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Publication numberUS4891755 A
Publication typeGrant
Application numberUS 07/195,784
Publication dateJan 2, 1990
Filing dateMay 5, 1988
Priority dateMay 6, 1987
Fee statusPaid
Also published asCA1309114C
Publication number07195784, 195784, US 4891755 A, US 4891755A, US-A-4891755, US4891755 A, US4891755A
InventorsAmram Asher
Original AssigneeAmram Asher
Export CitationBiBTeX, EndNote, RefMan
External Links: USPTO, USPTO Assignment, Espacenet
System for detecting removal of items from a hotel minibar and for the automatic charging of the bill of the gas for item removed from the minibar
US 4891755 A
The invention relates to minibars located in hotel rooms, and more specifically to such minibars provided with means for ascertaining whether any item has been removed, its nature and its price, thus facilitating the recharging of the minibar and the charging of the bill of the guest for the item taken.
The system is based on accurate weight measurements which are indicative of the kind of item removed by the guest.
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I claim:
1. A system for detecting removal of items from a hotel minibar and for the automatic charging of the bill of the guest for each item removed from the minibar, comprising means for accurately detecting the removal of each item by establishing the resulting change of weight of the minibar, means for identifying the removed item according to a number of subclasses differing in weight from each other, and for charging the account of the guest according to the identified item removed.
2. A system according to claim 1, comprising time-delay means according to which the charge is made only after a certain time delay, thus ascertaining the permanent removal of the item.
3. A system according to claim 1, wherein the system is an integral part of the minibar.
4. A system according to claim 1, wherein the minibar is positioned on the system for determining weight changes.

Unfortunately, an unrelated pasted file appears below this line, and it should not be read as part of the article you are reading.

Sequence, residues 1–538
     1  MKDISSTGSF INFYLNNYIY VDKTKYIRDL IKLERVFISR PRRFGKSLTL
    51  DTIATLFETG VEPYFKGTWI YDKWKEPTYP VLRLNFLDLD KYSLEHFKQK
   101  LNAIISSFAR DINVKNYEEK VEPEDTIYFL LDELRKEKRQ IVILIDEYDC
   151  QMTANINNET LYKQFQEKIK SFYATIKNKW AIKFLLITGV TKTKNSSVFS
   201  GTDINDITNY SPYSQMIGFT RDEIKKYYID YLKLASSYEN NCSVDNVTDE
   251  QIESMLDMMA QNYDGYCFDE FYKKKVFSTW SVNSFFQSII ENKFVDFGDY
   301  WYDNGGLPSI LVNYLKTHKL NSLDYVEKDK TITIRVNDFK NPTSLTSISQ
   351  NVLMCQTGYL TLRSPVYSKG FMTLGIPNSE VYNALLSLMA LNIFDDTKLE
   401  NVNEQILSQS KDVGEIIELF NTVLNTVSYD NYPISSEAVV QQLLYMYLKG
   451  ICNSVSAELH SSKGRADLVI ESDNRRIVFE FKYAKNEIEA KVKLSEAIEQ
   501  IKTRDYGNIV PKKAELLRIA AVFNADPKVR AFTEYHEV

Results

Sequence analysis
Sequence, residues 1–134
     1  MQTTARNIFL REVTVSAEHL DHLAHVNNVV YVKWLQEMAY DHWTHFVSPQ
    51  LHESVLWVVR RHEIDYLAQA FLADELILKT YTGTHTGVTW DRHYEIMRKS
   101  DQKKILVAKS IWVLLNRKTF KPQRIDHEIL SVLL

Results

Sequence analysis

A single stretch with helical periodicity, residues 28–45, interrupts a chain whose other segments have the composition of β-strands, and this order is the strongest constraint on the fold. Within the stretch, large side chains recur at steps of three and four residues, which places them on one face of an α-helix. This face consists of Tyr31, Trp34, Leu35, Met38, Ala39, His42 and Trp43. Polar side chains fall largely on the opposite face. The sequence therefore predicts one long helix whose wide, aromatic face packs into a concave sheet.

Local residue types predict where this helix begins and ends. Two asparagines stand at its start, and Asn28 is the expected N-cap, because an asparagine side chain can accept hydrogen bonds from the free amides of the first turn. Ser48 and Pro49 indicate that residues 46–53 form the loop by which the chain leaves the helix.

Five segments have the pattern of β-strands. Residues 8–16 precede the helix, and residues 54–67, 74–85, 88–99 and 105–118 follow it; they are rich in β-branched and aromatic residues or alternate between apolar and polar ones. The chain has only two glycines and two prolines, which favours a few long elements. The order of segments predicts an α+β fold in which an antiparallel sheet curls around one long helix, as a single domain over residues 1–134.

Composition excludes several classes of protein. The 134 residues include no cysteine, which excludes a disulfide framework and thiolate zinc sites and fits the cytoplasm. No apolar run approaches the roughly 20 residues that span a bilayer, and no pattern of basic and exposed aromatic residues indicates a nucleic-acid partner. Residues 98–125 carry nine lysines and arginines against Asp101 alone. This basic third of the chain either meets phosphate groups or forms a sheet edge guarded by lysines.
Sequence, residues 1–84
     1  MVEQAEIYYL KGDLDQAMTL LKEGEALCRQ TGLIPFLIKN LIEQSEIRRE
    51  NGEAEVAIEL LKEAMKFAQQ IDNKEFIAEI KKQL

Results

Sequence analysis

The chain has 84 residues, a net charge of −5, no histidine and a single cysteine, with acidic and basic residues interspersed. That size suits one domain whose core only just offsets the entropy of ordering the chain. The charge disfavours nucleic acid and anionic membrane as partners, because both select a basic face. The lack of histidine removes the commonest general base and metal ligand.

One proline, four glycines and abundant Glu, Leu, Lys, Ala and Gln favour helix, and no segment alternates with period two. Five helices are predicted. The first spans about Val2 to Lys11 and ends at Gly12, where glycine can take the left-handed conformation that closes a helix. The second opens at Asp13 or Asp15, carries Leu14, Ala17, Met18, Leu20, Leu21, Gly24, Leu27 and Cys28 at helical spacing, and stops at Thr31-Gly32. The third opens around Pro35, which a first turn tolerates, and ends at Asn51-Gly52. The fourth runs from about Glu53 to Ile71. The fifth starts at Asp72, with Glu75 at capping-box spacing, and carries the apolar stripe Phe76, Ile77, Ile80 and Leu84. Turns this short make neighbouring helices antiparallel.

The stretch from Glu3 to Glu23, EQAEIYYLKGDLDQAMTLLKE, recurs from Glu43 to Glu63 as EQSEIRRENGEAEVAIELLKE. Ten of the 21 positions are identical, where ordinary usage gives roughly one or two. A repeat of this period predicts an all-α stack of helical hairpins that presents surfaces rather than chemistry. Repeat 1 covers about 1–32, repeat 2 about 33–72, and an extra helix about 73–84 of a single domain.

5. A system according to claim 1, wherein the change of weight is determined by an accurate balance.
6. A system according to claim 1, wherein the change of weight is determined by one or more strain gauges.
7. A system according to claim 1, connected directly to the computer of the hotel, a program being provided for identifying items removed and their price, and for charging the guest for each such item.
8. A device according to claim 1, provided with a display of the cumulative charges.

There are provided means to detect and automatically debit removal of any item stored in a minibar in hotel rooms, and provide a record for the replenishment of such items.

The device according to the invention is based on the accurate detection and recordal of the removal of any item stored in a minibar, the detection being by means of accurate determination of weight changes.


In hotels all over the world, minibars are provided in many thousants of rooms. These are stocked with a variety of items, generally mini-bottles of strong alcoholic drinks, with some cans of beer or soft drinks, some bottles of wine, and the like.

The control and charging of items used by hotel guests is cumbersome and requires substantial manpower. Furthermore, when a rapid checkout of the guest is effected, there is generally no up-to-date data available as to the exact quantity of goods removed from the minibar.

Various solutions have been proposed, amongst these the provision of individual small compartments in the refrigerator, each housing only one bottle or can, means being provided for the detection and recordal of each such removal, this being effected by electronic means. There has also been suggested the use of micro-switches and proximity switches for each stored item.

There have been suggested the use of magnetic markers on each bottle or can, and the provision of corresponding magnets in the mini-bar, thus detecting removal of each item. None of the solutions suggested hitherto have found acceptance as they are complicated and not reliable. Furthermore, the subdividision of the space in the refrigerator into sub-units hinders air-circulation and cooling.